4 Ways to Stay Healthy During a Later Pregnancy
Just because you are 35 or older doesn’t mean you can’t have a perfectly healthy pregnancy and baby. It does mean, however, that you should pay special attention to your health before, during, and after pregnancy. Certain health issues become more of a concern at this age. And think: the healthier you are, the healthier your baby will be. Here are 4 ways to stay healthy during a later pregnancy.
See the Doc
As you plan for future parenthood, check in with your doctor regularly. Make a preconception appointment to discuss your general health and lifestyle. Find out if there is anything you should change in order to have a healthy pregnancy and baby. Bring a list of any other concerns you may have about your general health. You should also talk to your doctor about some of the risks of later pregnancies and how to increase your chances of conceiving.
Once you have conceived, it’s important to maintain a good relationship with your doctor and schedule regular prenatal care visits. These visits will help your doctor monitor you and your baby’s health and progress. Your doctor can help ease some of the anxiety of pregnancy, too.
Have Healthy Habits
Do your best to maintain a healthy lifestyle before and during pregnancy. Women need more of certain vitamins and nutrients when they are pregnant, especially if they are a bit older. During pregnancy, your body will need more folic acid, vitamin D, calcium, and iron. In fact, getting the right amount of folic acid before and during the first three months of pregnancy will help protect the baby from having defects in the brain and spinal cord.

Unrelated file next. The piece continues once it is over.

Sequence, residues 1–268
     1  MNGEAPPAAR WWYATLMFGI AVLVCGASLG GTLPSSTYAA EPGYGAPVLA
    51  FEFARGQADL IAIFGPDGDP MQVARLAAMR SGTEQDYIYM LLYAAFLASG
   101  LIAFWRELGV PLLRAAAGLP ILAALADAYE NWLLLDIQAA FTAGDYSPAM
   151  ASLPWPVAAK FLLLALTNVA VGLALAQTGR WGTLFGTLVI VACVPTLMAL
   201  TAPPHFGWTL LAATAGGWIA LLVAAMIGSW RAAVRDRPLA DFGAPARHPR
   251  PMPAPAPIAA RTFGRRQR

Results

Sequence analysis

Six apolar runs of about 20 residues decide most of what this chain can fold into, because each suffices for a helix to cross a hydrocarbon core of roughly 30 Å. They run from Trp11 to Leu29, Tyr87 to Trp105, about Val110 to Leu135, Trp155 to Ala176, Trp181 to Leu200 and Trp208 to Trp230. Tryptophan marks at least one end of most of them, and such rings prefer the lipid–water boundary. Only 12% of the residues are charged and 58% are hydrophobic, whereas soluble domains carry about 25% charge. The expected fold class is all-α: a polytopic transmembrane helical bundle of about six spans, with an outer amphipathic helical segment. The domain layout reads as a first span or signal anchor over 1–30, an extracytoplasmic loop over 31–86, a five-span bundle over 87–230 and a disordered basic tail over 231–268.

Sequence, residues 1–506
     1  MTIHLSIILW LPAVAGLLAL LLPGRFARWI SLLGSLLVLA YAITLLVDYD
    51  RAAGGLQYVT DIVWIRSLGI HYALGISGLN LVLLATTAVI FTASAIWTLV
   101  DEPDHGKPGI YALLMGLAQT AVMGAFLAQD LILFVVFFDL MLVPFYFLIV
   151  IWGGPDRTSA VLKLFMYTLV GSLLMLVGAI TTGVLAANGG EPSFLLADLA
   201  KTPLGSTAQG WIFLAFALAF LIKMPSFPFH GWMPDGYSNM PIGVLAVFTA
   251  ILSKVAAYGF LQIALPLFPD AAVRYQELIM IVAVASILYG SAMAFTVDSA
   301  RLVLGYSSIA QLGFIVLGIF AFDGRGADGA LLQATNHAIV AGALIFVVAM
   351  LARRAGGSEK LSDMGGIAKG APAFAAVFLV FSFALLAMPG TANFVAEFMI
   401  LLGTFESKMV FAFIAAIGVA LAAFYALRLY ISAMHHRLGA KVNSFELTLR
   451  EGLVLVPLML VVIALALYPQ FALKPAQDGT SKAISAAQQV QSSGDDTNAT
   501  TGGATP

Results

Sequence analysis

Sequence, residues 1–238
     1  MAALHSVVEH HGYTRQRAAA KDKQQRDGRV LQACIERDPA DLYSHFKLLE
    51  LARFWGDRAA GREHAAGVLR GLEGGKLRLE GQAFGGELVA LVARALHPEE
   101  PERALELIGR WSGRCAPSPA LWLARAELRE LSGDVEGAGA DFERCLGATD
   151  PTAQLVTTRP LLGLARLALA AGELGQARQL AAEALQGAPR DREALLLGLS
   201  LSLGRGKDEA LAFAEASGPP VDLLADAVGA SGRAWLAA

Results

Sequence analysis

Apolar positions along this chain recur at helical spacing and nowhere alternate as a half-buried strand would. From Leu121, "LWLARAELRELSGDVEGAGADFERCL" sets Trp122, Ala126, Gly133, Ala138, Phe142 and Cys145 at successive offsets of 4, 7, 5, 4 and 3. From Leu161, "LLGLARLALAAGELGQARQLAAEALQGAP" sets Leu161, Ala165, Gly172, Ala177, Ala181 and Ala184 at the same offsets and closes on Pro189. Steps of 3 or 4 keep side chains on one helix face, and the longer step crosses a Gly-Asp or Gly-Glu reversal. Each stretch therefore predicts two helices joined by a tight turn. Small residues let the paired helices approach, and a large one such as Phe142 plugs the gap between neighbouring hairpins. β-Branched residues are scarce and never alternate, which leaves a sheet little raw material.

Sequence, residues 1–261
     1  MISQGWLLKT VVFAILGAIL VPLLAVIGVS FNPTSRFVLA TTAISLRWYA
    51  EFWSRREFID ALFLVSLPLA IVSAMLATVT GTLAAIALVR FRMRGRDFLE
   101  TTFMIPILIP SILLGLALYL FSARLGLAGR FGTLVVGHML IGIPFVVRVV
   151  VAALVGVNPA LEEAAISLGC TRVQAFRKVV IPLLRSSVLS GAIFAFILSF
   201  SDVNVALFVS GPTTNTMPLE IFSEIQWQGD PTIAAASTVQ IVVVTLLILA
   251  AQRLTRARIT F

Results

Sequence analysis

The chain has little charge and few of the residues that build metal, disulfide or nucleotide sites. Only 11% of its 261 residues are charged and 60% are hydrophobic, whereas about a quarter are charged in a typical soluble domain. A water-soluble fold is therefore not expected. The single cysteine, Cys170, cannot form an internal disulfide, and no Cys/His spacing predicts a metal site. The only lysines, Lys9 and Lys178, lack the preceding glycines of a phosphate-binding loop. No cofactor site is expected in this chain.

It’s also important that mothers-to-be refrain from drinking alcohol, smoking cigarettes, and using drugs. Ask your doctor about any medications or supplements before you begin or continue taking them.
Don’t forget to keep exercising during your pregnancy, as pregnant women can reap many benefits from staying active. First off, exercising during pregnancy can help increase energy levels and improve sleep. And though it may not seem like it, physical activity can actually help ease or even eliminate discomfort during pregnancy. It also helps you prepare for labor by building muscle and stamina. Exercising regularly can help you manage healthy weight gain to help support your baby and make it easier to lose weight after pregnancy.
It is recommended that women get 150 minutes of moderate exercise per week. Good exercises for pregnant women include walking, swimming, resistance exercise, and weight training. Be sure to talk to your doctor about safe exercise during pregnancy.
No matter where you are in the journey to motherhood, getting answers from a doctor is a step in the right direction. Ask questions live at the next Health Chat on May 4th with Dr. Mara Thur, an obstetrician/gynecologist at Abington Health. She will answer questions and give valuable information about getting pregnant after 35. The chat will be moderated Lu Ann Cahn, director of Career Services at Temple University’s School of Media and Communications. Register and ask questions ahead of time here.This is a paid partnership between Abington Health and Philadelphia Magazine's City/Studio